“How Long Does It Flower?”

“How long does it flower?” I hear this question over and over, especially in the springtime when many plants are in glorious bloom. “A few weeks,” I reply, and the customers lose interest immediately. “Is that all?” they say.

“But look at the foliage,” I tell them, rushing to the plant’s defense. I point to a peony’s lovely-shaped leaves. “This plants stays lush and green until mid-fall.”

“Then what?”

“Then it goes into dormancy.”

“It dies?”

“No, it turns brown, but it comes back very early each spring.”

The customers shake their heads. “Oh no. I need something that stays green all year.”

“Well, you could plant azaleas or rhododendrons, or camellias.”

“Do they flower?”

“Absolutely.”

“How long?”

Basically, people are looking for eternal youth: a plant that stays beautiful forever. Mother Nature knocks herself out to give us breathtaking blooms, and we are not happy. Will we ever be? Will we ever look at the world, at ourselves, and see the hidden value?

Even more miraculous is a plant’s ability to come back from dormancy, to flower year after year. This is what our green world offers us: a fresh chance each spring to put things in perspective and be thankful for what is. What a gift.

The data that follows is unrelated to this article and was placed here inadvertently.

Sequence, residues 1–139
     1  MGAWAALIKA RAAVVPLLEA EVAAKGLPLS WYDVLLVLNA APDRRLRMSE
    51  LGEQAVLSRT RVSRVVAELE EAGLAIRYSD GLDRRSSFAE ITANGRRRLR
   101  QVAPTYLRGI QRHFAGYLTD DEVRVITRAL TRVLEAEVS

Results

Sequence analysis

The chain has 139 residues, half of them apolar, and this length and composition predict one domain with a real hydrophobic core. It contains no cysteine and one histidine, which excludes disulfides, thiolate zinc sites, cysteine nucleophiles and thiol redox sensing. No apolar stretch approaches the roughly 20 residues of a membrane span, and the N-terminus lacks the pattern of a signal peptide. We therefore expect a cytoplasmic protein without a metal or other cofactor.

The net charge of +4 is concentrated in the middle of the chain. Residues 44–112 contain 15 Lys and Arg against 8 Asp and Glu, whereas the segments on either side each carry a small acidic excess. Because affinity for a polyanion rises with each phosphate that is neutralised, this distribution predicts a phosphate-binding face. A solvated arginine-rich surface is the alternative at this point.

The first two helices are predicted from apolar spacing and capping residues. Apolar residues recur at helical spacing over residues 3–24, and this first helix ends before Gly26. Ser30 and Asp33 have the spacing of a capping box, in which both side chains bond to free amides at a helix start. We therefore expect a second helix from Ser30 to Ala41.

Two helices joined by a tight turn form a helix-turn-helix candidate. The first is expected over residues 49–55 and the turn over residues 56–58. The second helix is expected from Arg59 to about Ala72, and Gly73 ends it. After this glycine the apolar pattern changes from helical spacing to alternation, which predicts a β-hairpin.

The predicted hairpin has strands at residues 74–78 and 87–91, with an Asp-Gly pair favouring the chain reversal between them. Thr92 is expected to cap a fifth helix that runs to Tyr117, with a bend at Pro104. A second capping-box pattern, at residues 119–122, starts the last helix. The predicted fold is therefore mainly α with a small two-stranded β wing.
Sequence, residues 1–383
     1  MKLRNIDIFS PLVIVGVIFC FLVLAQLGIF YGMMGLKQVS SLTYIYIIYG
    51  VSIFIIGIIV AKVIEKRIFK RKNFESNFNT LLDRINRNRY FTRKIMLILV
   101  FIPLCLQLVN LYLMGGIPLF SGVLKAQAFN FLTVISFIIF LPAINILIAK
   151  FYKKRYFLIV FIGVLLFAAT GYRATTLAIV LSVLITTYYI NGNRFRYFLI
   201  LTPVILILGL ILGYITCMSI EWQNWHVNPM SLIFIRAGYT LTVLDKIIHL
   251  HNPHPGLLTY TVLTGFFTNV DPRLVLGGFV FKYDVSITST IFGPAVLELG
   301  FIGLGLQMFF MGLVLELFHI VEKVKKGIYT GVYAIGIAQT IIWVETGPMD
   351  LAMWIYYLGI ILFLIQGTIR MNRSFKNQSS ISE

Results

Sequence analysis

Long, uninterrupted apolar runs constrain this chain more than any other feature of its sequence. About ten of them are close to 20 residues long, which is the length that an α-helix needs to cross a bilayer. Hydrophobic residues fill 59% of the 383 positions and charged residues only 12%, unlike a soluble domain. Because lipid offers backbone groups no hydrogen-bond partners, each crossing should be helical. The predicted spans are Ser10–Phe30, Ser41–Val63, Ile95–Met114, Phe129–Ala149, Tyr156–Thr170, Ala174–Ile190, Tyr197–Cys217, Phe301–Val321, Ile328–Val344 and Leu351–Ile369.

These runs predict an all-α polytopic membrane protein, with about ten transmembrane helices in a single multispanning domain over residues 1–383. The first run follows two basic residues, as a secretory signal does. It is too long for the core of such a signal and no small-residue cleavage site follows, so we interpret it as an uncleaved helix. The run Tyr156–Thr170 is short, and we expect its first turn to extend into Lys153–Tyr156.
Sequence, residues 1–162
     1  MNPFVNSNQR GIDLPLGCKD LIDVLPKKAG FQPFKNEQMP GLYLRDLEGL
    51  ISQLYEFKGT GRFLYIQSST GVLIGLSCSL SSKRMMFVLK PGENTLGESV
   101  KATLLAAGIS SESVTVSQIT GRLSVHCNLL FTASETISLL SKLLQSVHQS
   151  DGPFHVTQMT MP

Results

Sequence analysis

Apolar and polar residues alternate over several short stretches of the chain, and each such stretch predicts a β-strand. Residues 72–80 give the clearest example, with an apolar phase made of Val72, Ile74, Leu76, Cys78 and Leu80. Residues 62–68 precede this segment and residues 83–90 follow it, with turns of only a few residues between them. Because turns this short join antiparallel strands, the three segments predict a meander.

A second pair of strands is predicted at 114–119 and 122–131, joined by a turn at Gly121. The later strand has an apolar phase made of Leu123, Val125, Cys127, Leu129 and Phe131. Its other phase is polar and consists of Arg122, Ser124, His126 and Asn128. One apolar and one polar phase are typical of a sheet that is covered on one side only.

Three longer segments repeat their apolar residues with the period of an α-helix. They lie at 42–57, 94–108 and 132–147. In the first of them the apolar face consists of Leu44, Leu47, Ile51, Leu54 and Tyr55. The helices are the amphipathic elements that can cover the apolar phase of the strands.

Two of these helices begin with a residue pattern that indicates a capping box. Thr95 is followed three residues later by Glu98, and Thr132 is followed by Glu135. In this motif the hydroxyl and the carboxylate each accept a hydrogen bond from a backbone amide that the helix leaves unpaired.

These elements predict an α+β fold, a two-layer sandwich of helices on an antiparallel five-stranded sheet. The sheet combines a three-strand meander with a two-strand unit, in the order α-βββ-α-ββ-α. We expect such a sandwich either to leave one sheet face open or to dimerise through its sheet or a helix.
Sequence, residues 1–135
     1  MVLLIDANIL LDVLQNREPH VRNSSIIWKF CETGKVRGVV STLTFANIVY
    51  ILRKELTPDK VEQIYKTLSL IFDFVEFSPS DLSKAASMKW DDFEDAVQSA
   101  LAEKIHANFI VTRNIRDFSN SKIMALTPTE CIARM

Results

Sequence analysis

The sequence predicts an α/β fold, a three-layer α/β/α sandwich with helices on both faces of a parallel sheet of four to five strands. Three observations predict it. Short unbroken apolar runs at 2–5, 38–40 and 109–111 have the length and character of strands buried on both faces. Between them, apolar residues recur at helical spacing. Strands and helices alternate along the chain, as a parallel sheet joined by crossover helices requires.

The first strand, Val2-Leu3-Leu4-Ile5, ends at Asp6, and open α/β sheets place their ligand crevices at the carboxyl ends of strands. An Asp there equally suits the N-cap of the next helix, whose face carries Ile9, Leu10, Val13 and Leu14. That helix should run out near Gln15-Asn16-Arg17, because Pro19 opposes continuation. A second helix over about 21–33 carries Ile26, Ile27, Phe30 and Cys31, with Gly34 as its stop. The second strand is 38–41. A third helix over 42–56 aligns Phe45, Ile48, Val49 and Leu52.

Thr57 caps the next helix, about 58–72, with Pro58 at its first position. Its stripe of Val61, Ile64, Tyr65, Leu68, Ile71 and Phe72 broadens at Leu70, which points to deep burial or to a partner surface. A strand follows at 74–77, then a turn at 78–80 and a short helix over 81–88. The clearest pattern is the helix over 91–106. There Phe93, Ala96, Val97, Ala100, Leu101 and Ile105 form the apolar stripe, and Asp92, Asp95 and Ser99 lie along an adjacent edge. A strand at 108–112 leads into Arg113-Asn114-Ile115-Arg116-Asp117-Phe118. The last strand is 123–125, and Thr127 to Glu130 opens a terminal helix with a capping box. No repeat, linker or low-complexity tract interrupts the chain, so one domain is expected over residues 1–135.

!cid_5B9A7890-D230-4A7A-90F8-23B2CAA178E4@gateway_2wire

 

Published by

Jean Ryan

Jean Ryan, a native Vermonter, lives in Napa, California. Her stories and essays have appeared in a variety of journals and anthologies. She has also published a novel, LOST SISTER. Her short story collections, SURVIVAL SKILLS and LOVERS AND LONERS, are available online. STRANGE COMPANY, a collection of short nature essays, is available in paperback as well as digital and audio editions.

6 thoughts on ““How Long Does It Flower?”

  1. Oh, so true. I love how my garden has changed the way I see the world. When we first started planting, I was like your customers – searching for all the prettiest flowers. Now I wish I had focused more on leaf color, texture, etc. That’s what creates the backdrop or backbone for all those fleeting blooms.

    Then there is how the garden changes with seasons. It’s because of those cold winter days with dormant plants, that I appreciate spring and summer. This time of year I check my plants on a daily basis, looking for some sign of life. I love watching the shoots emerge, plants seeming to materialize overnight to start their show all over again. Mother nature really is amazing.

  2. That is well written and spot on. Thank you. It is the ever changing garden and fleeting nature of the blooms which I find interesting.

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